“It’s devastating,” said Billy Smith, the vice president of Trinity Yachts in Louisiana, of the massive oil spill that reached the state’s coastal waters east of the Mississippi River yesterday. “This thing could easily surpass the damage that [Hurricane] Katrina did.”
The oil spill is the result of a major explosion on April 22, 2010, that capsized and sank British Petroleum’s Transocean drilling rig Deepwater Horizon in Mississippi Canyon Block 252 (MC252) in the Gulf of Mexico, approximately 50 miles southeast of Venice, Louisiana. Eleven oil rig workers were killed in the incident.
According to NOAA, the well is leaking up to an estimated 210,000 gallons of No. 2 fuel oil a day on the sea floor, 5,000 feet below the water’s surface, despite BP’s efforts to seal the damaged piping using Robotic Underwater Vehicles (ROVs). In addition to the Louisiana coastline, which was ravaged by Katrina in 2005, the spill also is threatening the coasts of Alabama and the Florida Panhandle, depending on winds and currents.
On Thursday, April 29, the U.S. government declared the Deepwater Horizon spill a “Spill of National Significance.”
The U.S. Coast Guard has conducted test burns of the surface oil, while NOAA is evaluating a new technique that would apply dispersants to the oil at the source of the leak. Other proposed measures include building a piping system to conduct oil from the sea floor up to tankers, a method that has never been used at these depths, and drilling a relief well – a measure that would take several months to complete.
In the meantime, the U.S. Coast Guard and local groups are using oil booms in an effort to protect ecologically sensitive coastal areas from the encroaching oil. More than 180,000 feet of booms already have been deployed, and another 300,000 feet are being staged – still a small amount when compared with the large, continually spreading area of the spill. To make matters worse, the local weekend forecast is for persistent winds that will drive the surface oil toward shore.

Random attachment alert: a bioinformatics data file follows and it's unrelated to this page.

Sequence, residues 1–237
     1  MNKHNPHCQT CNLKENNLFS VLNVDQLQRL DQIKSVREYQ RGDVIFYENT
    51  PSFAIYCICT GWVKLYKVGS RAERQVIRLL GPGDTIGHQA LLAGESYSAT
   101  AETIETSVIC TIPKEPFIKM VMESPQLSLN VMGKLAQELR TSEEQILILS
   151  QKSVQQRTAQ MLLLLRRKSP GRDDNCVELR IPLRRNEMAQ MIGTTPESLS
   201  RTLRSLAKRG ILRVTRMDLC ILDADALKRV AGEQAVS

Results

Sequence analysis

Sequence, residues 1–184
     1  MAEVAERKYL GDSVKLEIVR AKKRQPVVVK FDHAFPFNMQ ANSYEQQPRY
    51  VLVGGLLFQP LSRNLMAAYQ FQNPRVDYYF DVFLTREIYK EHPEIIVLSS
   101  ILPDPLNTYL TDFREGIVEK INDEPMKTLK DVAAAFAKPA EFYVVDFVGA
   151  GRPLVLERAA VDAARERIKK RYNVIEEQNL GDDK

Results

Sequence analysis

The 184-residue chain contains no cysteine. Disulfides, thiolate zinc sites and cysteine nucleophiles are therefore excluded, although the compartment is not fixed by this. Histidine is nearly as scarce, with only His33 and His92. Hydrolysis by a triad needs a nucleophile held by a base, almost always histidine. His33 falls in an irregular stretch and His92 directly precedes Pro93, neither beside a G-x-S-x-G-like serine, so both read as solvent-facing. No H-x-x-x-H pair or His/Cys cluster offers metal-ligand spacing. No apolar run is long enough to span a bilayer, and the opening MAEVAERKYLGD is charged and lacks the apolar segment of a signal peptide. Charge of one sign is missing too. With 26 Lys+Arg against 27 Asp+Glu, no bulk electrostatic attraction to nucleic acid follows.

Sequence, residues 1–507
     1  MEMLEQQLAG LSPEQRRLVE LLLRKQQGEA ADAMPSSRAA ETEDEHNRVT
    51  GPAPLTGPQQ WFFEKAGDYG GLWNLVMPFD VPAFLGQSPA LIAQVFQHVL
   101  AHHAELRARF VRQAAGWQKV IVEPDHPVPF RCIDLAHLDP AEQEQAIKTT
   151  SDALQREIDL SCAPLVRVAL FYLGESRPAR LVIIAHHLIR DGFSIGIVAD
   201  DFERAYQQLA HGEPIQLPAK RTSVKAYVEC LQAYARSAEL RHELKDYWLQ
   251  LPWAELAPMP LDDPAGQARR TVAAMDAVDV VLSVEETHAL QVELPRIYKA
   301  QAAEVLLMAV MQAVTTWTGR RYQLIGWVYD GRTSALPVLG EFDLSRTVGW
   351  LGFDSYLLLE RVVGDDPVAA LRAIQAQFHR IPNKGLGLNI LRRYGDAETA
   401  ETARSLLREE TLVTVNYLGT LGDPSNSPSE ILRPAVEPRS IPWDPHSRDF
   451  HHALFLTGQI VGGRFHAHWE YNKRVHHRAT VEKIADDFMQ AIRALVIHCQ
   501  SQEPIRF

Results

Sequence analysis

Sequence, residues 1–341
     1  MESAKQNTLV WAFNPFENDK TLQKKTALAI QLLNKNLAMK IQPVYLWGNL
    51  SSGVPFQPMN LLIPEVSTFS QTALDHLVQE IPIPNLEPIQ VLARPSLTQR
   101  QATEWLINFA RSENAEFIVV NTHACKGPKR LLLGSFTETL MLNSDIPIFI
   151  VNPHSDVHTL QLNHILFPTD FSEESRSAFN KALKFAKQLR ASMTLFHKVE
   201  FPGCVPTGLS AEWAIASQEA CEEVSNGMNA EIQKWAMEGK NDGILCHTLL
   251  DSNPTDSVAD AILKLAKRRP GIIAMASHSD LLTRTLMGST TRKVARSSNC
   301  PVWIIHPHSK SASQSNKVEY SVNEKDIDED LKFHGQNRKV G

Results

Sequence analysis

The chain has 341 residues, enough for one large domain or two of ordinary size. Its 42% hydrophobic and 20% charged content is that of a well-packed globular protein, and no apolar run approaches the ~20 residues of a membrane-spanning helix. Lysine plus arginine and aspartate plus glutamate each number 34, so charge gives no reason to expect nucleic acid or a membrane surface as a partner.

“There are simply not enough oil booms to contain it,” Smith said. “It’s overwhelming.”
Several new Trinity yachts are scheduled to be delivered in the next two months, including 190-foot Hull T045 and 164-foot Hull T053, Imagine, which are due to leave in May, followed by 142-foot Hull T048, Big Zip. “Normally, they’d be going right through the area of the spill,” Smith said – a move that would result in the brand new yachts requiring a thorough cleaning, at best, and possibly even a new paint job. He said that if the spill persisted, the yard would encourage the yachts to take an alternate route down the Mississippi then west of the spill. Other potential courses may be to take the Intracoastal east to Pensacola or Panama City or west to Houma, Louisiana, and then down the Houma ship channel to the Gulf of Mexico.
The real tragedy, Smith said, is the oil spill’s potential devastating impact on the natural environment – including estuaries and marshlands that serve as a nursery and a haven for countless sea birds, fish, and other wildlife – and in turn, on the industries that depend on it, including commercial fishing, tourism and boating.
“They are talking about an ecological disaster of Biblical proportions, worst-case scenario,” he said.